Broad City Was Wrong About The Whole Tattoos & Jewish Cemeteries Thing

In the season 4 premiere of Broad City, we finally see the origin story behind Abbi and Ilana's friendship. Between jumping turnstiles and going to Bed, Bath, & Beyond stoned, they pay a visit to a psychic, who tells them they're going to die that very day. Inspired by this ominous prophecy, Ilana suggests that they really live it up and get tattoos. At first, Abbi's reluctant because she says that having a tattoo would bar her from being buried in a Jewish cemetery.
Abbi's concern may have seemed like a throwaway line. But, as intrepid Broad City viewer and Jerusalem Post reporter Lahav Harkov pointed out on Twitter, that's actually a longstanding myth. (And, yes, at least a couple R29 editors were floored.)
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To be fair, the idea that you cannot be buried in a Jewish cemetery if you have tattoos didn't appear out of thin air. According to the Torah, it's forbidden to "incise any marks on yourselves." Those who were forcibly tattooed during the Holocaust or used temporary tattoos for fun are exempt, but, in general, Jewish people are strongly discouraged against voluntarily getting permanent tattoos.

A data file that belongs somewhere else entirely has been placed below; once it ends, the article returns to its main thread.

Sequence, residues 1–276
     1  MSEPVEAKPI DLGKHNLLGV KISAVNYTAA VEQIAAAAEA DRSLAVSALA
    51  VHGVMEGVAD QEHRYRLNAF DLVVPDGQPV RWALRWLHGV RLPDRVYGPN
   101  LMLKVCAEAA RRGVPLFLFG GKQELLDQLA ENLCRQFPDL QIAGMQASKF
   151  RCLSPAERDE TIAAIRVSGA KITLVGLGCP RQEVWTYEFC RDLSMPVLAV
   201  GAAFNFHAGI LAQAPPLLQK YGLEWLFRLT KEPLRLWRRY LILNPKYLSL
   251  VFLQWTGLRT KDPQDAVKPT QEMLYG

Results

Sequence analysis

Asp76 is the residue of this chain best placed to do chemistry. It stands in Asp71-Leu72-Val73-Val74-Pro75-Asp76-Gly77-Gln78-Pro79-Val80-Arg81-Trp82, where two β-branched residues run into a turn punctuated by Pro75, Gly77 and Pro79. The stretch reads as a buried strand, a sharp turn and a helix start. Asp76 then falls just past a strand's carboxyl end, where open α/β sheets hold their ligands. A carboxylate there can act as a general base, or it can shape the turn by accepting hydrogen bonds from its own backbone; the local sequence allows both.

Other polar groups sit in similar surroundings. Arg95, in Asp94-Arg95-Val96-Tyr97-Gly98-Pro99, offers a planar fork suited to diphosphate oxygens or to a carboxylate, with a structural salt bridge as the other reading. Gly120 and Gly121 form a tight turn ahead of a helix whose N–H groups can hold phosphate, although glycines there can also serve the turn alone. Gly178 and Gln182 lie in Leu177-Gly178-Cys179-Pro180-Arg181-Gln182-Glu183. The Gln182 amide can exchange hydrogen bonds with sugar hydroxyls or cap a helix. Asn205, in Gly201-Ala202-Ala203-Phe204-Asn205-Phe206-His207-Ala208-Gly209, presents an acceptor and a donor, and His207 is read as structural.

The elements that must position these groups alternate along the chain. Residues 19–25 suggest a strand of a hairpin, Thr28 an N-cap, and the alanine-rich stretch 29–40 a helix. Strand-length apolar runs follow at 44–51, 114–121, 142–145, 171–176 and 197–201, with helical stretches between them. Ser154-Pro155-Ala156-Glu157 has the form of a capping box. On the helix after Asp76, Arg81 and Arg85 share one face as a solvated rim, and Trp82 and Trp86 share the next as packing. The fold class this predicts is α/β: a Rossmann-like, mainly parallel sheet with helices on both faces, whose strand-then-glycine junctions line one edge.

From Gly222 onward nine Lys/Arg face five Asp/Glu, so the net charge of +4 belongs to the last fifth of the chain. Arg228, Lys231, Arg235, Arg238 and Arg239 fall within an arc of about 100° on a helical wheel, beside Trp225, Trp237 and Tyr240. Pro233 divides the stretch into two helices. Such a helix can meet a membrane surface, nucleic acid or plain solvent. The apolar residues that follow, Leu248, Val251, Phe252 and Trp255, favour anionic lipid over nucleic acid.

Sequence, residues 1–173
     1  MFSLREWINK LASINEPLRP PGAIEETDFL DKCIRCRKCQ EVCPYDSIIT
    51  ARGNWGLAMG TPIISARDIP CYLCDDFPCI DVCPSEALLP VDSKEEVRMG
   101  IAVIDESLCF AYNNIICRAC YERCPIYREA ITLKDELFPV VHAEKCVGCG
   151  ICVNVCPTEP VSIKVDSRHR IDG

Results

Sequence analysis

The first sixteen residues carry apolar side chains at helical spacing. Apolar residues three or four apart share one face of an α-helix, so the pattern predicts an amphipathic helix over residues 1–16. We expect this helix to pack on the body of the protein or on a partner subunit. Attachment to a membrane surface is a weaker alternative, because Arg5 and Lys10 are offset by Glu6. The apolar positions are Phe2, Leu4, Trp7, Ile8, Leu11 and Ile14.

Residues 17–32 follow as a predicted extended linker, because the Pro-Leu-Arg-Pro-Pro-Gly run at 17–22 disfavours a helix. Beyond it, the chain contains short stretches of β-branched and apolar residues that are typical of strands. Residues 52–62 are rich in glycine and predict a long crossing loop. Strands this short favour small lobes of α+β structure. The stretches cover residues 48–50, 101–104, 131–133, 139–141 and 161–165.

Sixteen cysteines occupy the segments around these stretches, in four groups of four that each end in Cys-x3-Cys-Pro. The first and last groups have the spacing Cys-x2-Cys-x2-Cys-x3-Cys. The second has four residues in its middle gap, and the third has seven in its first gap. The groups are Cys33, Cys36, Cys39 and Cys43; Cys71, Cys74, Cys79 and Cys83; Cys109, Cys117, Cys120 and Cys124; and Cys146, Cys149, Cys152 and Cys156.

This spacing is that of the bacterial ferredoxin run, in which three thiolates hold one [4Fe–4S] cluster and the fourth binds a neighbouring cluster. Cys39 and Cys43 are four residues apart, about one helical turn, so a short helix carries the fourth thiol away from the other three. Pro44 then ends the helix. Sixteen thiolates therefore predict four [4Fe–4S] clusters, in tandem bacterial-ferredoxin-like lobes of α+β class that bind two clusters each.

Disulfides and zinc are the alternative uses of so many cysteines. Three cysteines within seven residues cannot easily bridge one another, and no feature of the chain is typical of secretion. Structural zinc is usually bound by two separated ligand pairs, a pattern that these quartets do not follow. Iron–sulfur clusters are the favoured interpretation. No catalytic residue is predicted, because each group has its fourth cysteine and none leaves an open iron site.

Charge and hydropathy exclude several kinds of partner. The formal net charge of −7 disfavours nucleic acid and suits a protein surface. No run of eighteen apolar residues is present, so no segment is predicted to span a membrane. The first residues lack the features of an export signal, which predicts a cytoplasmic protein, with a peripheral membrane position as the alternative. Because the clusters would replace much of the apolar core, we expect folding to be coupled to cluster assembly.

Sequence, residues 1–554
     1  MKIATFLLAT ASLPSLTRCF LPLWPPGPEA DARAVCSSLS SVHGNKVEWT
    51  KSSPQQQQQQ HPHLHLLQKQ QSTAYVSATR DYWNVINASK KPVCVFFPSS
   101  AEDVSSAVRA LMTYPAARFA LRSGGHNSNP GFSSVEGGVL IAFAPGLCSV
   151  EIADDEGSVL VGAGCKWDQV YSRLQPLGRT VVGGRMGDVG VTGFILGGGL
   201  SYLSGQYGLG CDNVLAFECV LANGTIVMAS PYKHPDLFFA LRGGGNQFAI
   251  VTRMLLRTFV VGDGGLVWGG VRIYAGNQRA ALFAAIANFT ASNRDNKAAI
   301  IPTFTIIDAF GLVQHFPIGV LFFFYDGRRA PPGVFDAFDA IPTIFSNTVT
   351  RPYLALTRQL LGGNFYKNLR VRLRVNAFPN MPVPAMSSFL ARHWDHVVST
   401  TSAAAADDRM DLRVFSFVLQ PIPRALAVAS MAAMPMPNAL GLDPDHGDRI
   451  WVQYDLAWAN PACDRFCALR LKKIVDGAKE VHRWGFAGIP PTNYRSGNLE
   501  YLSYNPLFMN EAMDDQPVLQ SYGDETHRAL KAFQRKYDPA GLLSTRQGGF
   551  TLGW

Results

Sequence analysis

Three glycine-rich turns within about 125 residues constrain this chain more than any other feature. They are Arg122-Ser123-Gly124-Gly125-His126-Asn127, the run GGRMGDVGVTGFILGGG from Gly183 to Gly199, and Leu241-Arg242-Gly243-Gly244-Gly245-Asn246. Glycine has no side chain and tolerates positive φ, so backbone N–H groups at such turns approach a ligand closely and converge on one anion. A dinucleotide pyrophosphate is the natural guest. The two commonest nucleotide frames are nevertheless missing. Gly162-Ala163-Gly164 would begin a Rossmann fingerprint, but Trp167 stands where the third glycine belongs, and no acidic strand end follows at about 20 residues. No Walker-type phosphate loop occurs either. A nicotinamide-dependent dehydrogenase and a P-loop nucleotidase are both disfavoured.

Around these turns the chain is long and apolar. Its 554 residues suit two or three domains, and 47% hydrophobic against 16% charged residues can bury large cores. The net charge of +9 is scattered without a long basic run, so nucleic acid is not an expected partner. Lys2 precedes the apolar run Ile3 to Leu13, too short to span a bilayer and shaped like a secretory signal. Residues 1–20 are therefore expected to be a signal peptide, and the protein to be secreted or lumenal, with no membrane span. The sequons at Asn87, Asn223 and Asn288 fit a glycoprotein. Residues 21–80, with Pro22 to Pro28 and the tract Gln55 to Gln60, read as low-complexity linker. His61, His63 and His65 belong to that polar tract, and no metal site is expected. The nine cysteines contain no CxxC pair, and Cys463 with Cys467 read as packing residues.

"The Torah has a very clear prohibition on tattoos," says Rabbi Esther Reed of Rutgers Hillel. But, she adds that the Torah doesn't state that having a tattoo is grounds for exclusion from a proper funeral and burial site. "That's definitely a misconception," she says.
Whether someone with a tattoo is admitted or not is up to individual cemeteries and synagogues — one might refuse service, while another might not even bat an eye at some ink. Case in point: The famously tattooed Amy Winehouse was interred at a Jewish cemetery following her cremation.
Considering how widespread this myth appears to be, we can't fault Broad City for referencing it, whether or not the writers knew it wasn't true (FWIW, Curb Your Enthusiasm also referenced this misconception in 2002). And, in case you paused the episode to find out the truth, spoiler alert: Abbi bites the bullet and gets a lower-back tattoo depicting Oprah. We're guessing she'd be relieved to know that she probably doesn't have to worry about the whole Jewish cemetery thing.
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